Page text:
The week of September 20 was a busy week for Indonesian social commerce startups. Tuesday,
Monk’s Hill Ventures leads Indonesian DAGANGAN US $ 11.5 million Series A
announced a US $ 11.5 million Series A funding round. Wednesday, focused on Halal
Indonesian Halal-Focused Social Commerce Startup Evermos Nets $ 30 Million Series B
said he raised a US $ 30 million Series B round. And Friday,
Technology in Asia
Meesho Founders Support Funding for KitaBeli A Series Expansion
revealed he raised an undisclosed amount as part of a US $ 10 million Series A round extension six months ago.
That’s at least US $ 41.5 million funneled to three different social commerce startups in four days. One of these fundings was particularly interesting due to the involvement of Vidit Aatrey and Sanjeev Barnwal, co-founders of Indian social commerce unicorn Meesho. They participated in the expansion of the 18-month-old Kitabeli Series A alongside investment firms Kopi Kenangan Capital and Banana Capital.
This Indonesia-India link is not new. Meesho, in fact, had entered Indonesia in 2019, but withdrew after the pandemic that hit last year; he decided to concentrate on the defense of his territory. The co-founders of Indian accounting firm Khatabook and business-to-business (B2B) marketplace Udaan have also invested in their Indonesian counterparts, BukuWarung and Ula, respectively.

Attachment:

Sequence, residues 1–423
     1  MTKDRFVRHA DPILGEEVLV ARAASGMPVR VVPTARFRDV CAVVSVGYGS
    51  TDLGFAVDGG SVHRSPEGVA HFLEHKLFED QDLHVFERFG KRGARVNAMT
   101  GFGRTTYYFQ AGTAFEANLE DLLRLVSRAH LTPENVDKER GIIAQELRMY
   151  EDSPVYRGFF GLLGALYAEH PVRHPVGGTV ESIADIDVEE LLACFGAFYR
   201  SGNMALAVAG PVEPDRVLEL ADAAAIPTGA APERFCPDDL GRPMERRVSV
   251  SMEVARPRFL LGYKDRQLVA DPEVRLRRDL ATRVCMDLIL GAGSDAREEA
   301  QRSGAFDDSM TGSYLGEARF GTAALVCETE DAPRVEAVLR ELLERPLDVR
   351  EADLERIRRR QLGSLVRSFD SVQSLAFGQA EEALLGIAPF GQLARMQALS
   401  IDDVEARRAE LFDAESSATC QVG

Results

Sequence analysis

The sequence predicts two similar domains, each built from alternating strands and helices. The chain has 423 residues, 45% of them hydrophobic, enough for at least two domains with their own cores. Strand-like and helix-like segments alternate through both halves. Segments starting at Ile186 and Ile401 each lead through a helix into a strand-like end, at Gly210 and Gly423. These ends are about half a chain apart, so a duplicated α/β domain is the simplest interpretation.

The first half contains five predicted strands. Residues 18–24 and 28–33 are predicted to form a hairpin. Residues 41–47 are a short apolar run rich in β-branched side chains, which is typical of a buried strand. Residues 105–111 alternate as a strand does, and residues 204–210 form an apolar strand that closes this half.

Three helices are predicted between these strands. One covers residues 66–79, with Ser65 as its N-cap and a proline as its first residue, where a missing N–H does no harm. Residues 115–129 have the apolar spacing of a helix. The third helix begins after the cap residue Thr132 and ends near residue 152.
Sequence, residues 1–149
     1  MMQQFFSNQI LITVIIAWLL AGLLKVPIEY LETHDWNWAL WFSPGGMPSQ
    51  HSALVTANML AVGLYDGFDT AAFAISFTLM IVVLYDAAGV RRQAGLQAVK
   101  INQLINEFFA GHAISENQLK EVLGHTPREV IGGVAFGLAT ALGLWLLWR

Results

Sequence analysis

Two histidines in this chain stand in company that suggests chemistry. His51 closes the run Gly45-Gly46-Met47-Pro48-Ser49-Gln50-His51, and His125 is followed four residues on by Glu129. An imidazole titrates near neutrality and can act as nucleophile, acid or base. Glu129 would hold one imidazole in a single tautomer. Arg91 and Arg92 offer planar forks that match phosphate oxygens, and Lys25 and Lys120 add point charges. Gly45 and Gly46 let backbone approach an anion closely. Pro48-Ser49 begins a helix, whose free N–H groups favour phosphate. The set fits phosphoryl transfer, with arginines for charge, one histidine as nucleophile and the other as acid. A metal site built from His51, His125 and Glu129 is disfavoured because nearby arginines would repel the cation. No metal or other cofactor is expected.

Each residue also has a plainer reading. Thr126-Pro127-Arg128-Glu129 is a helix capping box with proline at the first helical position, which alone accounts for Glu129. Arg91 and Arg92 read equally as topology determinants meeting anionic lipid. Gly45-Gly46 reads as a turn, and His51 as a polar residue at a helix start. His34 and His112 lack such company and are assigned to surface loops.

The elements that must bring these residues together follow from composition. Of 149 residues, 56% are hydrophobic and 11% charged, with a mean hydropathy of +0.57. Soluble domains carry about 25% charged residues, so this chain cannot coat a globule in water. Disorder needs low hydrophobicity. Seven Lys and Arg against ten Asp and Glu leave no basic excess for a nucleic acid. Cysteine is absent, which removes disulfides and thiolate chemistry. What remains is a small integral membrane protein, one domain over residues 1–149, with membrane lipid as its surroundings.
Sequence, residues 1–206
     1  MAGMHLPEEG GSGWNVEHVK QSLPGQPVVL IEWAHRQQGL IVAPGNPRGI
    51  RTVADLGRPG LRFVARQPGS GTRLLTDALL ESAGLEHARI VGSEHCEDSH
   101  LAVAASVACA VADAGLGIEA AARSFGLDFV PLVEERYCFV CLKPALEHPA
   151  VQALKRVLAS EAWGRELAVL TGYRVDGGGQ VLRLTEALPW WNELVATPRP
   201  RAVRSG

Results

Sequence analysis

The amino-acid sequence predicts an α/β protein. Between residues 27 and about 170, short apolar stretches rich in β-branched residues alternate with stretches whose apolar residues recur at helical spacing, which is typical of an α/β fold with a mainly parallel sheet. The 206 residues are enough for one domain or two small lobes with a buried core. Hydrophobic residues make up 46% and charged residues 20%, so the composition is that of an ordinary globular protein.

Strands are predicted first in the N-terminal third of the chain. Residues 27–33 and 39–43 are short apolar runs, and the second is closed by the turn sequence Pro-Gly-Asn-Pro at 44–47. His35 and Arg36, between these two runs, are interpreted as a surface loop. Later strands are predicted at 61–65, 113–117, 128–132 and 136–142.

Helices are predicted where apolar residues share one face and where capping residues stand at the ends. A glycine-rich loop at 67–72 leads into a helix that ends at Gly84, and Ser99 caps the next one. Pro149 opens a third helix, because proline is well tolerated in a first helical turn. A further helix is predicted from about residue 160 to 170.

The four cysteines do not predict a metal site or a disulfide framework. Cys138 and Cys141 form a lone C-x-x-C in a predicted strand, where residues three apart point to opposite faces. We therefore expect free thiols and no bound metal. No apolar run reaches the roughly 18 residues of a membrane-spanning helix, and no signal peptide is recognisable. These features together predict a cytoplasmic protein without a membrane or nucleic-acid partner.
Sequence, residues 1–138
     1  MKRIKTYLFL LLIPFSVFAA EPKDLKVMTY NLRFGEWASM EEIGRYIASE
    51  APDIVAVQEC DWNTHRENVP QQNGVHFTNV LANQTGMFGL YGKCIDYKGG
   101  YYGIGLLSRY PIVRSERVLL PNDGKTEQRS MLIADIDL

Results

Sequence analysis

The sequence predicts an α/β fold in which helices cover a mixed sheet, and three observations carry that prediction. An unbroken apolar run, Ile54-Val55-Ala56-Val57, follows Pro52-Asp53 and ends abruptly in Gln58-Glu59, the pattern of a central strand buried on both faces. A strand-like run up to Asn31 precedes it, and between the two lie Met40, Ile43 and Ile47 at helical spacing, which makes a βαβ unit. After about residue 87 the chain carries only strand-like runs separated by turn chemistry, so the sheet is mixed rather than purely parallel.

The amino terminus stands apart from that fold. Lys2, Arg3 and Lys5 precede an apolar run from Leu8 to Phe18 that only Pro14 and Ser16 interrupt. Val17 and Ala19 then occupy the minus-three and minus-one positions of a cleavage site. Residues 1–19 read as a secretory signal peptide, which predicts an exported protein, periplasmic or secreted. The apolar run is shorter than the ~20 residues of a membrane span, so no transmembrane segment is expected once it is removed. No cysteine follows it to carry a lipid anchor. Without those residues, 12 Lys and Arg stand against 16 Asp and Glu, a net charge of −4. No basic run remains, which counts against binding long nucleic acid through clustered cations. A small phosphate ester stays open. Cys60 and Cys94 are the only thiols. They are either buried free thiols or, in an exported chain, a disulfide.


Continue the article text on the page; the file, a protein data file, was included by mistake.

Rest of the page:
The reason Indian companies and founders invest in comparable companies in Indonesia is pretty obvious: A similar business model should lead to a similar growth trajectory. However, in the case of Meesho and Kitabeli, that’s not quite the case. Because they follow different business models.
Meesho, for the most part, has been in the service of resellers, while Kitabeli deals exclusively with end consumers. (We already have
The many forks on the way to becoming Indonesia’s first social commerce unicorn
about the different social commerce models in Indonesia.) And if you look at the social commerce sector in Indonesia, more investment has been funneled into businesses with the reseller model — at least US $ 78 million since the year last.
There are two reasons for this. One, quite simply, because there are more platforms following the reseller model in Indonesia. It’s arguably a more intuitive way to start a social commerce startup in the country, as it allows players to tap into 3.5 million.
A small retailer, generally family owned.